And that brings me to this year’s ASLE, from which I have just returned, laden down with evidence of the association’s goodwill. Still somewhat concerned that my emphasis on technology would rub the naturalist bent of the core ASLE constituency the wrong way, I was surprised and flattered to receive both a Graduate Travel Award and the Graduate Student Paper Award for best scholarly paper. Though I didn’t get to meet all of them or shake their hands, I’d like to thank paper judges C.A. Cranston, Carmen Flys-Junquera, and Greg Garrard, as well as Awards coordinator Tom Lynch, and the Travel Awards Committee members (Annie Ingram, Sarah Jaquette Ray, Tom Hillard, and Chia-ju Chang). And of course, managing director Amy McIntyre, without whose gentle hint I may have missed the award presentation entirely, and president Ursula Heise.

As if all this was not enough, I was blessed to room with and present alongside Melody Jue of Duke, who spoke about Google Ocean and the experience of diving, and who has given me a long list of wonderful marine-related must-reads. My colleague Danielle Christianson of UC Berkeley was unable to attend at the last minute, but we presented her work on imaging a forest transect in Sequoia and I am always grateful to bend a working ecologist’s ear. Last but not least, I was thankful to share that Birch dorm quad with Katrina Dodson of UC Berkeley, as well, for Katrina was the incredibly open-minded guest editor of the Qui Parle special issue on ecocriticism that just came out featuring a sample of my work on games as environmental objects. It was rewarding for me to see Katrina acknowledged for all her grueling work on that issue, a true labor of love, and I hope that the issue and my own writing make their way into classrooms and instigate new pedagogical approaches.

So as I sit here at my desk in a miasma of toner-scented air, having just printed out a stack of final papers to grade, I am already looking back fondly on the events of the past week and looking forward to the next installment!

Coming Up: Designed Environments Panel at ASLE

If you’re interested in the digital mediation of nature and planning on attending this year’s Association for the Study of Literature and the Environment (ASLE) conference at Indiana University in Bloomington, come check out the following panel that I put together and say hello:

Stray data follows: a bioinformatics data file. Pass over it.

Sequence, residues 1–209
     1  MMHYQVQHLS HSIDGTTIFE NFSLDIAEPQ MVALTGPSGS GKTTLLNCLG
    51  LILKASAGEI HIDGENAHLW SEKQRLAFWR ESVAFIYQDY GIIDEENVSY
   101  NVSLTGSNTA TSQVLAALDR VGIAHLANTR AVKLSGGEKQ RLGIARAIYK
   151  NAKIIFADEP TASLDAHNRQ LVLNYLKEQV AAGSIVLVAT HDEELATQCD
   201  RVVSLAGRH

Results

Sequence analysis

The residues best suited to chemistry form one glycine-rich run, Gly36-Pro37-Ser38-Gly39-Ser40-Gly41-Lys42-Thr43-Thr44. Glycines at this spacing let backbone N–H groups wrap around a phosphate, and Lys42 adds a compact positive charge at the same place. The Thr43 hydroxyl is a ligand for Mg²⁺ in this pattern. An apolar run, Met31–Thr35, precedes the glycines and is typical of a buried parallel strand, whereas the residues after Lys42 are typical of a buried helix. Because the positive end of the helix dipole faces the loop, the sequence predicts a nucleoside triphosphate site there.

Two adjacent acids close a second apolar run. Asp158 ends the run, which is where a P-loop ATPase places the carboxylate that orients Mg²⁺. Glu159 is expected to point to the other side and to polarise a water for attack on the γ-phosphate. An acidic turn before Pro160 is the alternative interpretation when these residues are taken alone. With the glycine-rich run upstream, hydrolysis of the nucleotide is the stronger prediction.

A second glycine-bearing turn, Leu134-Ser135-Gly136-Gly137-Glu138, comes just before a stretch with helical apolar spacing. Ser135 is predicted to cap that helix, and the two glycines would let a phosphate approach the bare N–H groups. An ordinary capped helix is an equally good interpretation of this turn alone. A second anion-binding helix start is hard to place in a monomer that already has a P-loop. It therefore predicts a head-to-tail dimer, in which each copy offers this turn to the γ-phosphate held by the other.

G13. Designed Environments: Public Landscapes, Digital Ecologies, and the Visualization of Complexity
(Traditional Panel/Scholarly; Stream 11)

Friday, June 24, 2011

8:30 – 10:00AM


Alenda Chang, Rhetoric, University of California, Berkeley, “Your Cow is 90% Ready: Back to the Virtual Farm”

Danielle Svehla Christianson, Energy and Resources Group, University of California, Berkeley, “Seeing the forest for the trees: Using digital environments in ecological science and education”

Melody Jue, Literature, Duke University, “Google Oceans: Virtually Representing Ocean Space”

Panel Description:

Conventional environmentalism and what Lawrence Buell has described as “first-wave ecocriticism” have generally been susceptible to criticisms that what counts as “nature” or “natural” has tended to exclude designed landscapes as well as modes of mediated interaction that purportedly detract from direct experience of the natural world. However, as populations continue to shift toward urban centers and modern media gain unprecedented entry into everyday life, it seems increasingly vital to turn our attention to nature as a mediated experience, whether that mediation takes the form of the city skyline, the public park, climate models, Google Earth, or popular game environments.

Our panel brings together diverse perspectives—environmental design, game studies, economics, ecology and marine biology, and science education—in an attempt to trouble the often assumed divisions between the natural and the technological (what we could also call the real and the virtual). Chang’s work reveals how the issue of right environmental relations can arise even in the unlikely realms of online gaming, particularly the recent spate of “farm” simulation games. Christianson’s work speaks to how technological visualizations may overlay reality in ways that make it easier, not harder, to understand the complexities of ecological interdependence. And Jue’s work explores the increasing “digitalization” of the world’s oceans through a detailed consideration of Google Ocean.

Our work deliberately juxtaposes these various analog and digital natures in order to demonstrate their often uneasy but just as often gratifying complementarity—the virtuality inherent to the real and reality’s subsistence in the virtual.